/ 6 October 2023

Parliament exonerates career criminals

​Members of the National Assembly in Parliament have elected chairpersons to take control over portfolio committees in the legislature.
Parliament does not have robust enough rules governing member behaviour. (David Harrison/M&G)

It has been three months since Chief Justice Raymond Zondo made headlines for saying that should attempts again be made to capture the state, parliament’s inability (or lack of will) to exercise oversight would probably lead to a repeat of those disastrous years.

Zondo’s mammoth report into state capture detailed numerous instances where parliament failed to ensure attempts at wholesale looting of state entities were exposed early and, this week, we again saw a parliamentary committee fail in its duty to hold politicians to account.

The Joint Committee on Ethics and Members’ Interests appeared to take lightly evidence in the state capture report that ANC MPs Cedric Frolick, Winnie Ngwenya and Mosebenzi Zwane, and Employment and Labour Minister Thulas Nxesi, benefited from corrupt dealings. In brief:

• Nxesi was cleared of receiving a gratuity from controversial businessman Edwin Sodi because he said the money wasn’t for him;

• Frolick’s R40 000 a month from Bosasa, a former correctional services service provider, to help swing contracts its way was brushed off on the claim that the crime was committed before the current parliamentary rules were formed;

• Zwane’s clearly questionable behaviour with the controversial Gupta family while an MEC in the Free State did not fall under jurisdiction of the National Assembly; and 

• Ngwenya denied all allegations.

And that was that.

Two obvious issues arise out of these findings. First, parliament does not have robust enough rules governing member behaviour.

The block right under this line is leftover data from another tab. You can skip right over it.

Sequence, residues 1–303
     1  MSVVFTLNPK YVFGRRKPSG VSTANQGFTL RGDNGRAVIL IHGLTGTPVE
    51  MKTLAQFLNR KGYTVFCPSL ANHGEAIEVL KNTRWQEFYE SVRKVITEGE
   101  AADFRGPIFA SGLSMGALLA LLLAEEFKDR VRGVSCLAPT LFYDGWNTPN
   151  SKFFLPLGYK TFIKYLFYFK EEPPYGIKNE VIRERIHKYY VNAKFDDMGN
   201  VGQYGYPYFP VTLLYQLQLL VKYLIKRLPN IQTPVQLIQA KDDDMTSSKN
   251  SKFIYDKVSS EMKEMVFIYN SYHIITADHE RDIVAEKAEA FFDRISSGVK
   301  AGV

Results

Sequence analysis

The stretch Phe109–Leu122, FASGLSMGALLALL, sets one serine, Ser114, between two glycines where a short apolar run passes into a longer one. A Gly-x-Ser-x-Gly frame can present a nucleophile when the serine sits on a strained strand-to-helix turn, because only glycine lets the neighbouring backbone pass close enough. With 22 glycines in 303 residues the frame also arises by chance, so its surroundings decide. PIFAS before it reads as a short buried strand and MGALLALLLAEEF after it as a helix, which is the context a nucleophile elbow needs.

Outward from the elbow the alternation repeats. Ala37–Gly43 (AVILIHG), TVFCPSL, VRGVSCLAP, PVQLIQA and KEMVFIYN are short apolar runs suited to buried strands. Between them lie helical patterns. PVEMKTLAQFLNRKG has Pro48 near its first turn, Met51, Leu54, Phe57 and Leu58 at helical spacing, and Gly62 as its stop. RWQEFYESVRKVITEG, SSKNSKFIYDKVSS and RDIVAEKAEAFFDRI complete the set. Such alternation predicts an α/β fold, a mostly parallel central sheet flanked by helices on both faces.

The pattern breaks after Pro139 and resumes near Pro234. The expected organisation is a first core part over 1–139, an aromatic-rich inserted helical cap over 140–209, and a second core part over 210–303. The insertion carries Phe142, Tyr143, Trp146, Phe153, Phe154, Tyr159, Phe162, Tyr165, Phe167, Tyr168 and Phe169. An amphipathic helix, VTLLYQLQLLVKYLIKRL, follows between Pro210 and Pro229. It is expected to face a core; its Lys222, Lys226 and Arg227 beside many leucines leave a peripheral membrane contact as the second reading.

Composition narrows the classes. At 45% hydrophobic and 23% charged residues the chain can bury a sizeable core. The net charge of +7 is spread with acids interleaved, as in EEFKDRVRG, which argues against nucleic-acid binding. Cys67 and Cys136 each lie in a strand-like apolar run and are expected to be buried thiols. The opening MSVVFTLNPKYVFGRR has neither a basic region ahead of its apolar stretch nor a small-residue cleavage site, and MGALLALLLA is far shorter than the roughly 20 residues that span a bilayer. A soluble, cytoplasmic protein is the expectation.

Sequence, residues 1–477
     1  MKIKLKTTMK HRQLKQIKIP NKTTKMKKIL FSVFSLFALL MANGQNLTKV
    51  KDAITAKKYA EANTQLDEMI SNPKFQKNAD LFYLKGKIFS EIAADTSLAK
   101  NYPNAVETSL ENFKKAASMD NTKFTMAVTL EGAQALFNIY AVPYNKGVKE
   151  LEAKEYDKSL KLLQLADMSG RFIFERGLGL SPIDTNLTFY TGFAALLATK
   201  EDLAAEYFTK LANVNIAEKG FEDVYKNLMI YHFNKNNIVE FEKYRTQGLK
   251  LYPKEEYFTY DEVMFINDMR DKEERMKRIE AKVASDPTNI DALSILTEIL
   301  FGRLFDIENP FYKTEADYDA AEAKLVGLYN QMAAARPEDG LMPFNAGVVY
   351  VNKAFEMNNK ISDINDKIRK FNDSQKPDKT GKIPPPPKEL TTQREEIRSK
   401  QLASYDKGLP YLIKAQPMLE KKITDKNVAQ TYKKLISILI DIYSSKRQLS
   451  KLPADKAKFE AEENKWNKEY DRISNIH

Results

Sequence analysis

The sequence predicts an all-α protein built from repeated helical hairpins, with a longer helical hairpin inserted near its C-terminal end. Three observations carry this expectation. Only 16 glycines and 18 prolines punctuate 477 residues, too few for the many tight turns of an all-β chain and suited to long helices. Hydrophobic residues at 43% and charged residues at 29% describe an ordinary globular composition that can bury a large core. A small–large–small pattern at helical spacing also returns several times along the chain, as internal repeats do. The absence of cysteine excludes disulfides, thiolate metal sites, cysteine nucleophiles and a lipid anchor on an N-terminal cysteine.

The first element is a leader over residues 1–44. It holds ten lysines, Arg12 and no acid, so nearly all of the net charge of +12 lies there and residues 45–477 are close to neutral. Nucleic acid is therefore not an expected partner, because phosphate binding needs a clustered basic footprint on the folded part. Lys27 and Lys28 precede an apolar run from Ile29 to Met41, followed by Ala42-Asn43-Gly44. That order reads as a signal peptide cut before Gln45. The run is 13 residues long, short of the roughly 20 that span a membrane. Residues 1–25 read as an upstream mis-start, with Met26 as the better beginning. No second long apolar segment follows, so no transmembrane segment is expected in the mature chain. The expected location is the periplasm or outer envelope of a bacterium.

Second, despite saying it is intent on cleaning up the muck, the governing party continues to retain compromised members.

In any functional democracy, a political party would be humiliated and find it extremely difficult to keep such tarnished individuals in its caucus. Not in South Africa — and certainly not in the ANC. 

Many in the public view them not as politicians but as career criminals, trying to loot as much as possible for themselves and their party, using any excuse to achieve this aim. How can one refute this perception when time and time again ANC MPs, in particular, are not held to account?

The reality of the South African public is that the ANC-led government is a gang of looters. Finish and klaar. 

We would call on President Cyril Ramaphosa to ask for the removal of these members, and others, but he has shown himself to be weak and more concerned with placating global dictators than forging a sustainable democracy at home.

We are a country with a bleak outlook over the short to medium term. To navigate the treacherous months and years ahead, we need MPs who are above reproach and not swindlers looking for crumbs at the table of their corporate paymasters. The evidence suggests that will not happen with the ANC in power.